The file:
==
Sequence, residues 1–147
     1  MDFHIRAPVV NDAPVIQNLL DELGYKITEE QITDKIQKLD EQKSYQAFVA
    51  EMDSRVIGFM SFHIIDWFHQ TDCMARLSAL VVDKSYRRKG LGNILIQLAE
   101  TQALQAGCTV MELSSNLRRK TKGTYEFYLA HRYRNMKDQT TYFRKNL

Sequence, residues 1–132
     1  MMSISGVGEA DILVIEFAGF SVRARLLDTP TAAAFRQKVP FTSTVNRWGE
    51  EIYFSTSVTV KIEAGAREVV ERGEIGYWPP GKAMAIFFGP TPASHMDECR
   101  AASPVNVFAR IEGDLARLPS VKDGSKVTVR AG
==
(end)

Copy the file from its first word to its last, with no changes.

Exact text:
Sequence, residues 1–147
     1  MDFHIRAPVV NDAPVIQNLL DELGYKITEE QITDKIQKLD EQKSYQAFVA
    51  EMDSRVIGFM SFHIIDWFHQ TDCMARLSAL VVDKSYRRKG LGNILIQLAE
   101  TQALQAGCTV MELSSNLRRK TKGTYEFYLA HRYRNMKDQT TYFRKNL

Sequence, residues 1–132
     1  MMSISGVGEA DILVIEFAGF SVRARLLDTP TAAAFRQKVP FTSTVNRWGE
    51  EIYFSTSVTV KIEAGAREVV ERGEIGYWPP GKAMAIFFGP TPASHMDECR
   101  AASPVNVFAR IEGDLARLPS VKDGSKVTVR AG